A couple of much needed weekends off and it was back to Dorset again for ANOTHER WSR event - their only road race event in the form of Dorchester marathon. This is a very different type of run to the ones I am used to - there are a LOT of people and it’s entirely run on the road - it’s sold in as Britains’ prettiest road race and turns out that is actually true - it’s beautiful.
We arrive at 8 in the morning in the worst rain ever, Thunder, lightning, rain, humidity - all the good ones. It’s raining so much that we are doing 30 mph on the dual carriageway. I am NOT looking forward to this. We park the car and walk towards the start and it’s stopped raining. Usual pants with the usual suspect at the start - I LOVE the White Star Runners so much. The race director is in a cherry picker, which rises towards the sky and, no shit, as it does the clouds part and it’s brilliant sunshine. Now I’m not saying Andy is a God, buuuut….. Oh and guess who is not wearing suntan lotion? (Clue - it’s me)
Yeah, this is better than London
Sweaty medal picture
The atmosphere is slightly different at this race - usually you get all the LOLS at the start but there are some really tasty runners here - aiming for PB’s and aiming to win. I ran most of the race alone which was fine, and spent a great deal of time petting lambs and goats as per usual. I bumped into a few people I knew and some who I didn’t and had some great chats. The route is relatively flat with a few big old hills, and the heat made it difficult. This was never going to be a sub 4 for me - I had SDW100 to deal with in 2 weeks and didn’t want ANYTHING to go wrong for that. I reckon I’ll be back for a better crack at it next year - as far as road races go it is one of the best in the country - would defo recommend it. Fast forward 2 weeks and we are looking down the barrel of the South Downs Way 100.
Looking fresh at the 6am start of the SDW 100
This is only my second attempt at 100 miles on one day. I have done a lot of multi day ultras - I really like them! But only one 100 miler in a day (Autumn 100 back in 2017). This is another one of my key races for 2018, and I was hoping to be able to beat my previous record of 23 hours and 38 mins. One thing I hadn’t taken into consideration was how different SDW100 is from A100.
For a start SDW had 12,700ft of elevation across the course - that’s like climbing Snowdon 3 times. It runs from Winchester to Eastbourne through the beautiful South Downs National Park. It hadn’t rained for a while and the ground was super hard packed chalk with rocks sticking out of it for most of the way - looking back on it, I should have thought about this and worn road shoes - but I didn’t do that because I am an idiot. I had already recce’d half the route with some of the Do Badders a few months earlier - it was the last 50 we had run which was brilliant as this was the part I would be covering in the dark.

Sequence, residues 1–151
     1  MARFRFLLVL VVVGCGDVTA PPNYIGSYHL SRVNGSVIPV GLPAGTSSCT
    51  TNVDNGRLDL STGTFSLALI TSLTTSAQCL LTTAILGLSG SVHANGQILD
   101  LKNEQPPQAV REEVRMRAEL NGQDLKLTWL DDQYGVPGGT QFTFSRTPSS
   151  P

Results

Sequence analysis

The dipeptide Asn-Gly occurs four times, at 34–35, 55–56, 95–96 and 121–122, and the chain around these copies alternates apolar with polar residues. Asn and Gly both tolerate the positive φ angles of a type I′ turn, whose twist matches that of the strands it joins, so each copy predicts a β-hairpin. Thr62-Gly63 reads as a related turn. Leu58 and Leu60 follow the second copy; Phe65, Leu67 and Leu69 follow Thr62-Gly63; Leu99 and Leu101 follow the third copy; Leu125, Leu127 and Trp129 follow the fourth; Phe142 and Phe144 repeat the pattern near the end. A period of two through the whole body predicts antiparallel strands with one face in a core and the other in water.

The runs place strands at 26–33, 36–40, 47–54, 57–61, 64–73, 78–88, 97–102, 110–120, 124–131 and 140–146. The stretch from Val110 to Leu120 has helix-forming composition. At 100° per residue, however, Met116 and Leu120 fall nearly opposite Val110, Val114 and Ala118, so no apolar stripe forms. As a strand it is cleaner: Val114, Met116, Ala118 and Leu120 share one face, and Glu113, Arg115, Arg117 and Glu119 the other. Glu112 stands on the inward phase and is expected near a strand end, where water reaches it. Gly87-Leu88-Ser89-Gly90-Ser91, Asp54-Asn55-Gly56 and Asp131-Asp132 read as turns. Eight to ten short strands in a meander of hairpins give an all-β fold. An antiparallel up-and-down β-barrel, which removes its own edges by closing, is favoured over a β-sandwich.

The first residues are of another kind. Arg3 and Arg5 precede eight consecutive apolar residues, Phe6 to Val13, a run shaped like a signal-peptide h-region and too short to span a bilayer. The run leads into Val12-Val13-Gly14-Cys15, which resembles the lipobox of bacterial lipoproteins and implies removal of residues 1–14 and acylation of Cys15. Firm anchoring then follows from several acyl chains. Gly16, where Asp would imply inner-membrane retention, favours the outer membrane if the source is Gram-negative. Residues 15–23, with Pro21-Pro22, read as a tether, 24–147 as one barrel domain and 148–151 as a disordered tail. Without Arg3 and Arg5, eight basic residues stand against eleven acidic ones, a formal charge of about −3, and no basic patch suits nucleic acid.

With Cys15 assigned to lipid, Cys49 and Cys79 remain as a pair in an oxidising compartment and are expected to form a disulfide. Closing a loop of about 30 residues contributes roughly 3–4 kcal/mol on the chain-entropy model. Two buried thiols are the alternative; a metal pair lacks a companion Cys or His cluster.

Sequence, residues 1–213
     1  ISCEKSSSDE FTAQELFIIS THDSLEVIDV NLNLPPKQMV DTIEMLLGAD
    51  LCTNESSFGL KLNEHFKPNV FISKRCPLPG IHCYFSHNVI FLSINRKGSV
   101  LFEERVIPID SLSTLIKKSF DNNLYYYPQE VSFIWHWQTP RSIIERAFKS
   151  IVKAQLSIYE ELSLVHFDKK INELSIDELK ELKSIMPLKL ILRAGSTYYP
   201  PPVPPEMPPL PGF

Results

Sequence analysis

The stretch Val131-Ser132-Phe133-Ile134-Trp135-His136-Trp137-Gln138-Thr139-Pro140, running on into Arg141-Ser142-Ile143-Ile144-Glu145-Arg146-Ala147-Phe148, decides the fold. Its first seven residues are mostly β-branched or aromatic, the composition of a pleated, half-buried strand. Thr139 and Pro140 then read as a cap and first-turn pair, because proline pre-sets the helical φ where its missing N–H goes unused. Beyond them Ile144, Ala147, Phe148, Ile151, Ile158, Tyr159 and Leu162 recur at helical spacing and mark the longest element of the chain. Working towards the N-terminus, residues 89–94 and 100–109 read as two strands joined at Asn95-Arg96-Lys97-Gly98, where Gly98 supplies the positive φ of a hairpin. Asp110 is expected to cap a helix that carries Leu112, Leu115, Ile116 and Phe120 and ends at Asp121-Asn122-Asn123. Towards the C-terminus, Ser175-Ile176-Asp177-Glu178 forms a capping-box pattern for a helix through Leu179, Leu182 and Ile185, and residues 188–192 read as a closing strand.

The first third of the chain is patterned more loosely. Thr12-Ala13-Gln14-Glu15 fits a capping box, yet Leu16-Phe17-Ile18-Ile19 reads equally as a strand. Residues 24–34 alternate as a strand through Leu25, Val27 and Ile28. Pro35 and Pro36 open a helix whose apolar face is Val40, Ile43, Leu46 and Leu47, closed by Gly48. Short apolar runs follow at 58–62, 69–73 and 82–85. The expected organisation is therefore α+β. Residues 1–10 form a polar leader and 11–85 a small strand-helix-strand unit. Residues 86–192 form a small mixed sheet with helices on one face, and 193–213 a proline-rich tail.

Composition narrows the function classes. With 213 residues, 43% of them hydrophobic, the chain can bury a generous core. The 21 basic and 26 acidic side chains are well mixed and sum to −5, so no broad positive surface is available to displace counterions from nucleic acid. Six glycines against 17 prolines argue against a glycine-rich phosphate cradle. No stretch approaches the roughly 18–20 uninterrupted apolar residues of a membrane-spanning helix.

Making friends on the SDW100
I was extremely lucky to have 2 great pacers for this race. First up from mile 50, Lorna Spayne - a Do Badder and very tasty marathon runner - my WSR nemesis (always beating me dammit) and very good friend what I made through the internet. Lorna is a very experienced runner, and completed her first 50 on the SDW back in May, so was perfectly placed to help pace and crew me. She is the single most organised person I have ever met in my life. She is kind, patient and fiercely protective of her runner. She crewed me from early on in the race - making sure I had all the delicious food, ice, Calippos (yes really) from very early on, and then joining me at mile 51 to run 30 miles in the middle of the night to drop me off with Lee. You all remember Lee right? Lee who force fed me sandwiches on the A100. Lee who has given me PTSD every time I hear Your The Voice by John Farnham? Yeah - that Lee. Lee was pacing me from mile 83 to the end. A highly inexperienced ultra runner (not my words) Lee knows exactly what he is doing when it comes to pace and hills - and that is exactly what I needed for the death march.
We started the race at 6am. I bumped into a lot of Do Badders at the start which was great - nice you know you have someone to shout FUCK YOU BUDDY at on the way round. I started the race with Tania who I know through WSR and her friend Melanie. It was Tania’s first 100 and I was SO excited for her - the first 10 miles flew but chatting about running and stuff and running and stuff. I knew that we were running to fast - doing around 9.30 min miles when I should have been doing 11. I decided at about 20 miles to pull back and let Tania go on - I couldn’t keep this pace and expect not to start breaking and it was already getting hot. It was very challenging underfoot too - the ground rock solid and a number of splendid long slow ascents. My favourite (Fuck you long, slow ascents). At around mile 25 there is the glorious Lorna and she has got ice cubes and ice lollies and I think I love her. She fills my bottles, gets my rubbish out of my bag, refills the sandwich supplies, checks me over, gives me life and off I trot. There were a lot of VERY jealous people when they saw me fishing my Calipo out of my sports bra.